Students with previous collegiate military training may receive transfer credit for corresponding Military Science courses completed satisfactorily in a senior division ROTC unit in another college or university. Students with prior military service may enroll for Advanced Course training. See

Selected Administrative Units

Office of Financial Aid

Keith Williams, Executive Director

The core mission of the Office of Financial Aid (OFA) is to assist Michigan State University students in funding their educational costs through federal, state, private, and institutional financial assistance that includes grants, scholarships, fellowships, work programs, and loans.  Approximately 75% of all MSU students receive some form of financial aid.

Approximately one-half of all financial aid is awarded based upon financial need as determined by the Free Application for Federal Student Aid (FAFSA) which is completed annually by students and parents online at

OFA staff members advise students through individual meetings, phone calls, and e-mail regarding both short-and long-term financial assistance.  Additionally, they provide general college financing information for students, parents, faculty, staff, high school counselors, and prospective students through a variety of workshops, presentations, and events.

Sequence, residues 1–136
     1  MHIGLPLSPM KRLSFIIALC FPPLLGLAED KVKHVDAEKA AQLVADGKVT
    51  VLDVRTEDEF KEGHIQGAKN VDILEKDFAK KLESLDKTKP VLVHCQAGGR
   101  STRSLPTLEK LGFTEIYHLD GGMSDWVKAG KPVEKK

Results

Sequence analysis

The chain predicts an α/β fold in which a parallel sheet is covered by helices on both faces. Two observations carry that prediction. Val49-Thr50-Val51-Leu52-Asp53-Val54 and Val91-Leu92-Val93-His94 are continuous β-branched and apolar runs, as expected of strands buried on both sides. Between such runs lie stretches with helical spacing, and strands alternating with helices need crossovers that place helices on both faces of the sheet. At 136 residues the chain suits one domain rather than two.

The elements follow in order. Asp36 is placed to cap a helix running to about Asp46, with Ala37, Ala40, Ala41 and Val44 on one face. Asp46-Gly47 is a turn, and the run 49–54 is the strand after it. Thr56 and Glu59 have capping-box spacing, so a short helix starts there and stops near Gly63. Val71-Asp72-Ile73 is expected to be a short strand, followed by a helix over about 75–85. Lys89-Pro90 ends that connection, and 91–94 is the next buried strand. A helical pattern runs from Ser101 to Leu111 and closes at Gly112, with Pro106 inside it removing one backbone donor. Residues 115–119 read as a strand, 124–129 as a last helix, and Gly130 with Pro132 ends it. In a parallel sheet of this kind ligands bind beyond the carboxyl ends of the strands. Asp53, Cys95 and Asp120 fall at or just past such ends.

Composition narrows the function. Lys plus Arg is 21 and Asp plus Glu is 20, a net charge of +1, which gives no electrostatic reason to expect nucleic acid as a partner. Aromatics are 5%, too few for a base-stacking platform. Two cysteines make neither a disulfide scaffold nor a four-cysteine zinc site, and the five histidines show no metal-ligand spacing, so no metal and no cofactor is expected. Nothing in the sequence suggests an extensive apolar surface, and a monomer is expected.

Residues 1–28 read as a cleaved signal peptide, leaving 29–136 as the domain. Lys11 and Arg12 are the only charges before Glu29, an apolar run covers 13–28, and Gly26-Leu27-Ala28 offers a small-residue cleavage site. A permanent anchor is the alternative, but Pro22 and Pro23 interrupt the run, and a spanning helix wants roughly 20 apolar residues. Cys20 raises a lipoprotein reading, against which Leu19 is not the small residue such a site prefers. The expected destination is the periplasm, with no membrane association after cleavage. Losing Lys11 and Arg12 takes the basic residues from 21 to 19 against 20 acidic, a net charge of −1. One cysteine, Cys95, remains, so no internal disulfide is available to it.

For information on available aid and the application process, visit the Office of Financial Aid Web site at, e-mail, or call 1-517-353-5940. Dedicated access email addresses and phone lines are available for graduate and professional students and can be found on the OFA website.


Office of Academic Governance

The Secretary for Academic Governance directs the Office of Academic Governance and serves as secretary and parliamentarian to the Academic Congress, University Council, Steering Committee, Faculty Senate, and University Committee on Academic Governance. The Office of Academic Governance provides staff support to various academic governance bodies, manages university-wide elections, and assists colleges, departments, and schools with parliamentary inquiries and the preparation and interpretation of unit bylaws.

For more information, visit, e-mail, or call 1-517-355-2337.

Student-Athlete Support Services

Todd Edwards, Executive Director

Student-Athlete Support Services (SASS) provides each student-athlete with guidance, resources and support that will enhance their development both academically and personally. This is accomplished within a proactive success driven environment that delivers quality academic services and career development opportunities.

Academic, personal and professional support is essential to college success, and Michigan State University Student-Athlete Support Services (SASS) helps student-athletes from our 23 varsity sports reach their full potential.

The SASS philosophy is to offer an academic support program, integrated with University programming, dedicated to assisting student-athletes with the transition into college. This all-encompassing support continues throughout each student-athletes collegiate career until the day they receive a diploma, lands a job, or enters graduate school.